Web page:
The Rocky Mountain House Constituency is large, and it was necessary to devote a great deal of time to making myself known to the voters. Fortunately, my business affairs were in safe hands with my trusted employees, so I was able to travel those many rural roads to seek support on the ballot when the election was called. My campaign promise was “Elect me and I will work hard to promote your best interest.” It was a promise I knew I could keep. The philosophy expressed by poet Robert Service that “a promise made is a debt unpaid” is one to which I have always subscribed. We had many desires in the riding, and most of them were realistic and, I thought, achievable. My early life had made me a very practical person and I well realized the truth in the comment of one of my elderly neighbours, “Wantin’ ain’t gettin’!”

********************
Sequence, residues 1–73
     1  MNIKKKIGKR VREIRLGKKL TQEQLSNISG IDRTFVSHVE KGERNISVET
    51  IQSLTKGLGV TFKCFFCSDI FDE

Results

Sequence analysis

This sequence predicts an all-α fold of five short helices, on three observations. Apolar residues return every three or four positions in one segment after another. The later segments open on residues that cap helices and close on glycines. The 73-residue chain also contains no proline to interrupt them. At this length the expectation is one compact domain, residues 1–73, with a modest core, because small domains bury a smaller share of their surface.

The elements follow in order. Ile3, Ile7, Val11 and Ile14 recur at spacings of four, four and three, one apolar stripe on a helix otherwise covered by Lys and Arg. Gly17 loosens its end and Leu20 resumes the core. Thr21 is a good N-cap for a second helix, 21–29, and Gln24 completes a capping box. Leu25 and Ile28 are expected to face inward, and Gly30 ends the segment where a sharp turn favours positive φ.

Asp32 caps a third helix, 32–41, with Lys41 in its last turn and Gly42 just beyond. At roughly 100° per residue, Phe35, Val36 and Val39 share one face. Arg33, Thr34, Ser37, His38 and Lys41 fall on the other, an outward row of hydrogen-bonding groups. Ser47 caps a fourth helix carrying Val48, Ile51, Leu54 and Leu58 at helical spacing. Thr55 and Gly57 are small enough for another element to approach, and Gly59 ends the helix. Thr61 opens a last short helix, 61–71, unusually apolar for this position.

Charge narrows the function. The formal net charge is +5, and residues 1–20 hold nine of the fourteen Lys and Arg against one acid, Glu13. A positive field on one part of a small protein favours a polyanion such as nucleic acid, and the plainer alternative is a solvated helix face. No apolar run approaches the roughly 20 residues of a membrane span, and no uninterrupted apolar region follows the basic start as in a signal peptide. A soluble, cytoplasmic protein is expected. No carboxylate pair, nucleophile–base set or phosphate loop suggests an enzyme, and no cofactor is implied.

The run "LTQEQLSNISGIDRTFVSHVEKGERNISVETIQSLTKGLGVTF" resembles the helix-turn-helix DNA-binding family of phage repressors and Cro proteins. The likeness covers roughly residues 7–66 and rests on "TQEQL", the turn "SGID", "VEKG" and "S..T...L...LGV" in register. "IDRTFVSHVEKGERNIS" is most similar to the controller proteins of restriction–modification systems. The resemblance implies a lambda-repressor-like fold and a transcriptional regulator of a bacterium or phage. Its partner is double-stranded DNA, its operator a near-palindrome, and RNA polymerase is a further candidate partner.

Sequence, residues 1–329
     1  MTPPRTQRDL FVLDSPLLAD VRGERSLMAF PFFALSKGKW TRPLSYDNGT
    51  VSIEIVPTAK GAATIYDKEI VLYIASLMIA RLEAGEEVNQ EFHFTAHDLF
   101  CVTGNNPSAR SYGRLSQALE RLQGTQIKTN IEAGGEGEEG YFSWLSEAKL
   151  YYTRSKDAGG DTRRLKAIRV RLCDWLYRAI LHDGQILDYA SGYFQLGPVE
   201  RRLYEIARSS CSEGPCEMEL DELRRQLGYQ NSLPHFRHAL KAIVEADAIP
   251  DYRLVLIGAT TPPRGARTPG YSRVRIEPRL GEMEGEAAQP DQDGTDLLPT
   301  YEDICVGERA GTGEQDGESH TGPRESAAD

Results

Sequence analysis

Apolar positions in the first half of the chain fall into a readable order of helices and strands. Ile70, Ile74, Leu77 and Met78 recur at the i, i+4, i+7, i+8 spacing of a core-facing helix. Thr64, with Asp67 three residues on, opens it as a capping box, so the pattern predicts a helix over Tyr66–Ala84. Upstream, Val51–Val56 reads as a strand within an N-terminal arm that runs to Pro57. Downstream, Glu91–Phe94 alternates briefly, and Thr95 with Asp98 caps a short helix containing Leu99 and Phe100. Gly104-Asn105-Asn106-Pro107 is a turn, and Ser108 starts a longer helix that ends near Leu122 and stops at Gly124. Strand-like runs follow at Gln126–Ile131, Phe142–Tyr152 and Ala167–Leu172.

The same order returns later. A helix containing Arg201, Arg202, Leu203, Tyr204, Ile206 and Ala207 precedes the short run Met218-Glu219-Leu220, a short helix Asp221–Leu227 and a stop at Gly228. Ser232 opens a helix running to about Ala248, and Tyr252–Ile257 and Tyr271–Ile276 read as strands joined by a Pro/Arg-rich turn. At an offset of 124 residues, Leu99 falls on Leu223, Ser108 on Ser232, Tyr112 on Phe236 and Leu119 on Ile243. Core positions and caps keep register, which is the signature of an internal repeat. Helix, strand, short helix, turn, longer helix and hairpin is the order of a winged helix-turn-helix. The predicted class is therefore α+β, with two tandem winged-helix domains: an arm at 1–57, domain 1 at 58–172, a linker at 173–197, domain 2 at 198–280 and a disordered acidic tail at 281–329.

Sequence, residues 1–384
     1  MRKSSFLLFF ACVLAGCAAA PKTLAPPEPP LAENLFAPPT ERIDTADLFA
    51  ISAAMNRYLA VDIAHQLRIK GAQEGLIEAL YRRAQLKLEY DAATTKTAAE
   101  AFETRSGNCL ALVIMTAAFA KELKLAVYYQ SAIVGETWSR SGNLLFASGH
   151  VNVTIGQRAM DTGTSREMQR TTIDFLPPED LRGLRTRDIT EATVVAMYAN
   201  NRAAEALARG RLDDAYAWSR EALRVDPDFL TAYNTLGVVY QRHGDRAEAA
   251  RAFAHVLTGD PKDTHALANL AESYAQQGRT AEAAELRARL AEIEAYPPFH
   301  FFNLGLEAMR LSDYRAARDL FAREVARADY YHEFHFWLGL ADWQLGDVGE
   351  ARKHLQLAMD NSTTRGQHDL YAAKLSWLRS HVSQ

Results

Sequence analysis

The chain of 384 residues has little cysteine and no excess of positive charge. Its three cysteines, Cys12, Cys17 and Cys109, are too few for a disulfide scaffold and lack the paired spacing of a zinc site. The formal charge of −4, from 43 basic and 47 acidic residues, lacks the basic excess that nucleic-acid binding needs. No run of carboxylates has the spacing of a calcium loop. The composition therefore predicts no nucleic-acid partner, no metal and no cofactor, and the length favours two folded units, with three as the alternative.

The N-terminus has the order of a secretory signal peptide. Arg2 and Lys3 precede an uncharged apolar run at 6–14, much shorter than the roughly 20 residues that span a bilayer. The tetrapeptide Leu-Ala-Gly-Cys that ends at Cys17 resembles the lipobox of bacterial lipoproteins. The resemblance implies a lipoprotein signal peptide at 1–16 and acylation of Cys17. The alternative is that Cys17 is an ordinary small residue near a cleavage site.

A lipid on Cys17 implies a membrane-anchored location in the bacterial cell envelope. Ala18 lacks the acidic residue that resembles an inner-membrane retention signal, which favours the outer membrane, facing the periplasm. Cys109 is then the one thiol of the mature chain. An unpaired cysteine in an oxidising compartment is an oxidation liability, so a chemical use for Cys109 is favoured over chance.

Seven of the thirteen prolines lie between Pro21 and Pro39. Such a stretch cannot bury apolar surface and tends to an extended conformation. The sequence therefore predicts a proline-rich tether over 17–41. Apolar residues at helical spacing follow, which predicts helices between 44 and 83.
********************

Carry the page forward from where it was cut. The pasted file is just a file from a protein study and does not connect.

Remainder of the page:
It is worth noting that not all of my friends were enthusiastic about my venture into provincial politics. When I related my plans to one of my dear elderly friends she said: “My dear, I wish you wouldn’t do that. The will sing Hallelujah one minute and crucify you the next.” Nevertheless, I pressed on with vigour. House to house and farm to farm the campaign for election continued. It increased in intensity after the election call for August 30 until late into that fateful night when PCs won the election and I won the Rocky Mountain House riding. Such jubilation, such excitement – such apprehension.